Both of these priorities were aided and abetted by GNC’s implementation of a new EnVista order management system (OMS). The system’s integration with Proship has enabled GNC to receive real-time updates on transportation, and it’s also helped the retailer elevate its customer experience level from transactional to exceptional, Hamby says.
As any tech pro who’s been part of a relationship transition knows well, the risk of things — orders, customer relationships, future sales — falling through the cracks during a changeover is great. Not only were Hamby and team focused on reaping the benefits of their new technology, exiting their previous 15-year vendor relationship on amicable terms was also of great import.
“Strategic objectives include our first rule: Do no harm,” Hamby says. “We needed to make the new technology transition seamless for our customers who have been with us for many years, and inject them into a 21st century model without them knowing.”
Impressively, GNC never missed an order during the OMS deployment. Even after getting slammed by the pandemic, systems continue flowing, and the company even tripled in e-commerce volume orders at times.
Looked ahead, Hamby is working with his team to develop a baseline of what it’s accomplished thus far as it expands on the creative fulfillment options now required by consumers: BOPIS, ship-to-store, enhanced curbside pick-up, same-day delivery and in-store order generation.
For those who are intent on rising quickly through the retail IT ranks, Hamby advises that they do their homework and know their market. “Anybody can sell you a dream. Deal with vendors who have proven track records.”
Phani Korasala, Director, Product Management, Worldwide Merchandising and Operations, Walmart International
Phani Korasala has been leading Walmart's digital transformation across 26 countries since 2018 as the director of product management for Walmart International. However, he’s been setting the pace of change within Walmart since he started at Walmart Canada in 2015, where he helped build a new, dynamic pricing strategy, and led the development of a new solution powered by analytics and robotic automation to drive transparency, efficiency and proactive pricing tactics.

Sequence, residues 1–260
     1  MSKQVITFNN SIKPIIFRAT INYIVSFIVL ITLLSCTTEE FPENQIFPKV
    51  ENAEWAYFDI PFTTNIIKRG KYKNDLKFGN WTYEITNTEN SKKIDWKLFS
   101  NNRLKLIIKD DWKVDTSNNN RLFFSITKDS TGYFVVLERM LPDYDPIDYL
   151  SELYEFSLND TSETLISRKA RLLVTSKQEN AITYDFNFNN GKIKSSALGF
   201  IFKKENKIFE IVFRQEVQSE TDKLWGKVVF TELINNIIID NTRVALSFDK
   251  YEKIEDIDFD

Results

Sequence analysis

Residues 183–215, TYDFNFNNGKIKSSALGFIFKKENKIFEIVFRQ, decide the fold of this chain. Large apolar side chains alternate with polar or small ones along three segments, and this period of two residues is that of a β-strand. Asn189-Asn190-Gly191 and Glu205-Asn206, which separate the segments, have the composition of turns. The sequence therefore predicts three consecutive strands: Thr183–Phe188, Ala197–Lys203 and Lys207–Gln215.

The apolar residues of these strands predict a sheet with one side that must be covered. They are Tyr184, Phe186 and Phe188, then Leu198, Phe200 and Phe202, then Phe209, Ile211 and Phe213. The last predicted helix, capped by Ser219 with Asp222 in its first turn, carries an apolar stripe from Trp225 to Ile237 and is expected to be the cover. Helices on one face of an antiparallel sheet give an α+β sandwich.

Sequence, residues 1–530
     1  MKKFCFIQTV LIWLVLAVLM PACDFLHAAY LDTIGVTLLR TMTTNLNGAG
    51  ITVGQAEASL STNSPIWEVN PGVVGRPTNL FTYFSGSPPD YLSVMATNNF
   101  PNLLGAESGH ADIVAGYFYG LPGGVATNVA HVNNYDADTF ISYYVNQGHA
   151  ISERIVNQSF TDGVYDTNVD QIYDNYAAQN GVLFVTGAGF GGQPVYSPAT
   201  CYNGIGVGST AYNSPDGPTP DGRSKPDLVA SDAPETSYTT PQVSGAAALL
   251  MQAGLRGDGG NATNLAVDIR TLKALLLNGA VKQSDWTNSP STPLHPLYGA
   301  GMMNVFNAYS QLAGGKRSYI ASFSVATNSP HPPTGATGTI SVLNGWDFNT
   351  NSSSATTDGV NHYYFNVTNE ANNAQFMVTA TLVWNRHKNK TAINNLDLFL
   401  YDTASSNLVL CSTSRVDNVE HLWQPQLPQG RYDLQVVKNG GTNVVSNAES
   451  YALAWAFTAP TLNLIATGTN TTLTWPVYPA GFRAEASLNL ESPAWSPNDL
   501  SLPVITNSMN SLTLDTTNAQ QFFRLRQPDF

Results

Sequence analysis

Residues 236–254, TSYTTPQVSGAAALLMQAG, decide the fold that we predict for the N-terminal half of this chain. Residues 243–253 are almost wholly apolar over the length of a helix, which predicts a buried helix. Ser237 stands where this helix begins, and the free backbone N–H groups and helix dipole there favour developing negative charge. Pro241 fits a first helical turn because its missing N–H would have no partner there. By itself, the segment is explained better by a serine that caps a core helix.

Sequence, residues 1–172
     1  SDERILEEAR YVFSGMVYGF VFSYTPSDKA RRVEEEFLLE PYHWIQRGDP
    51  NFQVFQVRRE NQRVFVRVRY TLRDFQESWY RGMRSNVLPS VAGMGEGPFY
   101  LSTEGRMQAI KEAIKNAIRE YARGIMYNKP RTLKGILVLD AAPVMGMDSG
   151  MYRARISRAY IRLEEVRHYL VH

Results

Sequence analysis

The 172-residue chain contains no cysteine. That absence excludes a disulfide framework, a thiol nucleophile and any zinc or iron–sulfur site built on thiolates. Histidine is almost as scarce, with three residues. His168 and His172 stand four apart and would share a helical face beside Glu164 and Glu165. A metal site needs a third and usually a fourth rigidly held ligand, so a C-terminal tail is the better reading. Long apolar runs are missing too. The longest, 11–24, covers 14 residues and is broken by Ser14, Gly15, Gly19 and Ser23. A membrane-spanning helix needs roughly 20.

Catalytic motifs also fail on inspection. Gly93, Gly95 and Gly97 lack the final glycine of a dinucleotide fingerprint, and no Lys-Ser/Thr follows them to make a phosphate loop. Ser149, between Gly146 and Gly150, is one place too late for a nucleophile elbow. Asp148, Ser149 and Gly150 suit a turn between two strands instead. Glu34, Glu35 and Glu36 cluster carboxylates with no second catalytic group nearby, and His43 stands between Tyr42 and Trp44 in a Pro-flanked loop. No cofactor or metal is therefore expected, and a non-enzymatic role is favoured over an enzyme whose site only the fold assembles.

Korasala moved to Walmart International as one of the first leaders to help drive the digital transformation for merchandising. The first step was to solve for the complexity and yet address differences in operations across the globe. Korasala led the transformation from legacy, disparate systems to a more nimble, modular architecture that can realize the value of building global solutions configured to local needs.
Realizing the need for automation and deeper analytics, he steered the team to leapfrog from many the rules-based engines that warranted user inputs to more AI-driven enterprise products based on neural networks, machine learning and natural language processing algorithms. This allowed merchants to manage exceptions, reducing their transactional time from multiple days to just a few hours a week. Today, 60% of merchant operations run at 95% automation.
Since COVID-19 struck, Korasala has been leading the acceleration efforts on connecting the various functions of merchandising to provide a bird’s-eye “Flight Deck” view that enables merchants to have real-time visibility to financial, operational and productivity metrics. The domain integration will transform the way merchants run their categories by bringing the customer and product lifecycle together, while merchants continue to work remotely and yet be closer than ever to how their categories are performing. The foundation that was laid in 2019 is allowing Walmart to deploy features five times faster and accelerate their digital transformation by handling the needs of multiple geographies at the same time.
Korasala advises others that it is okay to be the unpopular person in the room.
“Change is hard and not easy to be agreed upon,” he says. “Have conviction and persevere with your ideas. Challenging status-quo more often than not unlocks value.”
Amii Lang, Director, e-Commerce and Loyalty, Heinen’s Grocery Store
It has been said of Amii Lang that she leads her team with an infectious attitude of enthusiasm that both inspires and challenges at the same time. Over the past few years, Lang’s team has worked extensively on improving Heinen’s pricing and promotion initiatives across the company, from the implementation of pricing optimization and promotion assessment software to developing a new strategic approach.
Working with executive leadership, and in partnership with data science company dunnhumby, Lang and her team have redesigned the guidelines Heinen’s uses to approach pricing decisions — basing them on both customer and product behavior. Instead of forcing more cost-variable departments like produce into a model that doesn’t work for them, they were able to build a strategy that was flexible enough to account for the real-time changes departments experience.
Over the past year, pricing analysts have reviewed nearly 100 categories across all pricing zones through a deep-dive assessment, and the retailer’s category managers used the assessment tools to eliminate up to 20% of ineffective promotions in some categories.
“We continue to develop efficiencies through creation of feeds to solve issues that were previously manual, and are seeing margins continue to improve as our promotions become more effective,” explains Lang.
Lang, who was the director of agency operations at Rosetta prior to coming to Heinen’s, advises others to stay open to opportunities on strategic projects and initiatives that may not be in your current wheelhouse.